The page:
Apple executive, Eddy Cue had a recent interview with CNN Money where the topic was the new Apple TV 4th genration that went on sale last week. When the conversation turned to “the future of TV is apps” Eddy was quick to point out the closed environment of cable versus the interactivity that’s possible with the new device through developer created apps.
When asked if Apple views Apple TV as a replacement for the set-top cable box, the response was and I’m paraphrasing, that the experience on Apple TV is much better. Even though, many of the content providers on Apple TV require authentication.
I personally find this particularly annoying with the network apps since I can access NBC, CBS and ABC for free with an antenna.
When asked if Apple will become a provider of exclusive content themselves, he responded saying that “We don’t try to do things that are exclusive.” Paraphrasing again, We build technology that lets developers do things that aren’t being done by anyone else. Apple has always worked closely with its partners. We’re great at technology and they’re great at creating content.”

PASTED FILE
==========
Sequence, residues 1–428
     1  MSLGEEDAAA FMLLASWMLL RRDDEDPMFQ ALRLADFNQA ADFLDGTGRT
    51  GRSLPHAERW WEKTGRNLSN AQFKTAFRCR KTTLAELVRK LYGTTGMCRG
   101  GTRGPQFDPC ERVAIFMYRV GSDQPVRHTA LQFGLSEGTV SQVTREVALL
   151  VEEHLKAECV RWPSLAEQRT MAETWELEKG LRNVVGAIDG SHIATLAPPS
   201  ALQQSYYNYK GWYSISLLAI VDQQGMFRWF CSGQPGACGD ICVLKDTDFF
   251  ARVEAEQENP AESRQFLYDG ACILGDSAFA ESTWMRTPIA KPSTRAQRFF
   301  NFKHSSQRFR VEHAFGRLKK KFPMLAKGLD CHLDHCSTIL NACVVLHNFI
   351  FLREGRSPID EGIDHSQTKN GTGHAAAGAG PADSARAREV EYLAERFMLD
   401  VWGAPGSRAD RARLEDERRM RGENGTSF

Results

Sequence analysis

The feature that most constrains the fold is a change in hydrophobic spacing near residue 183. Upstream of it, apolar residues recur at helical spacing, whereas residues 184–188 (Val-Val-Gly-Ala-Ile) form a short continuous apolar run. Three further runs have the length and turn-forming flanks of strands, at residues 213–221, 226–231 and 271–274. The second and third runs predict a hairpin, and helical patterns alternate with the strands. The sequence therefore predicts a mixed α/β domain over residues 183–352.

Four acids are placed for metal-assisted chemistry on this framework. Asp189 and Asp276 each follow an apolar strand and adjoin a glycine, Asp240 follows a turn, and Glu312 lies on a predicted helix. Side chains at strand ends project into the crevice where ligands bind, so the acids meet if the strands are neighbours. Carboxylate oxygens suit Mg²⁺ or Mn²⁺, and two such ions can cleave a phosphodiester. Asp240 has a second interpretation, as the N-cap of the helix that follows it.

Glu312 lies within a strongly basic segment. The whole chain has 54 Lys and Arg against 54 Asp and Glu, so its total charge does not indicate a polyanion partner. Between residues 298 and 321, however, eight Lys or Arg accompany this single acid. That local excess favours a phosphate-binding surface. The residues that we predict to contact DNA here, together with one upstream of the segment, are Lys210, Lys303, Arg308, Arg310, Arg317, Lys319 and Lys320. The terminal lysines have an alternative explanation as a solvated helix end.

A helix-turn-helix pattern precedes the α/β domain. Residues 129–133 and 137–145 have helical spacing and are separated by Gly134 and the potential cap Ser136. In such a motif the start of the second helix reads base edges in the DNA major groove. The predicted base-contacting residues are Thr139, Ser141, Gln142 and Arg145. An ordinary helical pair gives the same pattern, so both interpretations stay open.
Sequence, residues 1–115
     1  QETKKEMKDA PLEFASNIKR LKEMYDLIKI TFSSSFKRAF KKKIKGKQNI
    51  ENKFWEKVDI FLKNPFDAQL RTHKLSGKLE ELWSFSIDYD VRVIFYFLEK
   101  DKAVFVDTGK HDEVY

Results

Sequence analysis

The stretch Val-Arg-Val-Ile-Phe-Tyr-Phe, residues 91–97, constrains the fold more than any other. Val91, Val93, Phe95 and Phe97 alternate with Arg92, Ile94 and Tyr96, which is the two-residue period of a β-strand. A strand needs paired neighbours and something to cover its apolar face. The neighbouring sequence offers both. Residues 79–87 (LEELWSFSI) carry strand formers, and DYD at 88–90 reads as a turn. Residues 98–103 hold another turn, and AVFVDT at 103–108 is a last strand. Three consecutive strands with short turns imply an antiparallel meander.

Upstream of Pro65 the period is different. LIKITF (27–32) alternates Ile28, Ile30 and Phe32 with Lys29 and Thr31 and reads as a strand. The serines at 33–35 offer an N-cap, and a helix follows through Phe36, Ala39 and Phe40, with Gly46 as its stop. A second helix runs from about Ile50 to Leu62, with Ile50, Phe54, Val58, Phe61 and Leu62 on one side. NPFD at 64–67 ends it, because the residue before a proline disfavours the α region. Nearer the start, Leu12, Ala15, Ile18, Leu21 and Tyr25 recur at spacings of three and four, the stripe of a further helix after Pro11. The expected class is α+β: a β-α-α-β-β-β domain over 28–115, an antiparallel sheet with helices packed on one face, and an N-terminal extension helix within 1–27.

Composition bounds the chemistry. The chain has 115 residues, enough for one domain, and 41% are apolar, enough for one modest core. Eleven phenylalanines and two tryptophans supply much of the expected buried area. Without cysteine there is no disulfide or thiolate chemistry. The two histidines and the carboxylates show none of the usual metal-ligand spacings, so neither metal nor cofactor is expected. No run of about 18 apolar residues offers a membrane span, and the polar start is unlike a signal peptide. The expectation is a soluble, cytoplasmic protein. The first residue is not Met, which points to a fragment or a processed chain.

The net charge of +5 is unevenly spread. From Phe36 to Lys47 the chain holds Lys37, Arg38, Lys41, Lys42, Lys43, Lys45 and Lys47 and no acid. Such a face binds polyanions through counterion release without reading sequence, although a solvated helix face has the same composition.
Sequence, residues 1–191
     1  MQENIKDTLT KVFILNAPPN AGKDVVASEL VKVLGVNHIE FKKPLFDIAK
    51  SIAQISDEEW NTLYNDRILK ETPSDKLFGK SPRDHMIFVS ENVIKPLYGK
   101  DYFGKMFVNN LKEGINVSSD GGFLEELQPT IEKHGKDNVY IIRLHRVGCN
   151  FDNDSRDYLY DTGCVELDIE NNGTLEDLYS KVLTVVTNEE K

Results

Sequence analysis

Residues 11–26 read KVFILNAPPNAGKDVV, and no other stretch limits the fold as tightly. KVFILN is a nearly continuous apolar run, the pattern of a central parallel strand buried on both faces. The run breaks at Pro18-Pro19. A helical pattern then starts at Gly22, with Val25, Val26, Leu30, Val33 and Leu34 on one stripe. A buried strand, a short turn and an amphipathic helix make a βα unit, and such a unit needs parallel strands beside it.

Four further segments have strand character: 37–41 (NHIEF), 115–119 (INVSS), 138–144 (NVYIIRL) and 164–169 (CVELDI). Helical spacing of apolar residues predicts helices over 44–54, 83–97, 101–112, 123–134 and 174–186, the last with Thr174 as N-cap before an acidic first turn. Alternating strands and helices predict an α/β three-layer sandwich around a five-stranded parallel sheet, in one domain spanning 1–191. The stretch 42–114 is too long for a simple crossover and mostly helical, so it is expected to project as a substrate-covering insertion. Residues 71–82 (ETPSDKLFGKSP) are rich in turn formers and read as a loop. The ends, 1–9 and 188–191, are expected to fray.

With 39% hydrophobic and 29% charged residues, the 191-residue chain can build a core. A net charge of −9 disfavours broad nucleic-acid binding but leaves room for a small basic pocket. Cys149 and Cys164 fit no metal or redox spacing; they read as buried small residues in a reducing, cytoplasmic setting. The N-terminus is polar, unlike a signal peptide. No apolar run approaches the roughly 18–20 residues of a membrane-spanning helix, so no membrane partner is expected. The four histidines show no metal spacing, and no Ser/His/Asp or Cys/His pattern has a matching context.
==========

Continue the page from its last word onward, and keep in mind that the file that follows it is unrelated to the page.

So does this mean that Apple is not entertaining the idea of producing its own exclusive content? I don’t think so. What I mean is that I don’t imagine Eddy Cue sitting in a director’s chair shouting “ACTION”, but I do see Apple licensing and financing exclusive content. Competition is tough in this space and having content that is only available on your platform is a powerful edge. Apple has the means to make this happen and it makes perfect sense.
With the prospect of an Apple TV subscription package at an affordable price, eventual Apple exclusive content, loads of free content available from existing and future providers, games, a dedicated App Store with all the content possibilities that implies, not to mention the Apple TV 4th Generation serving as a hub for smart home devices developed using the HomeKit framework, I fully agree that Apple TV is the future of television and it’s about time.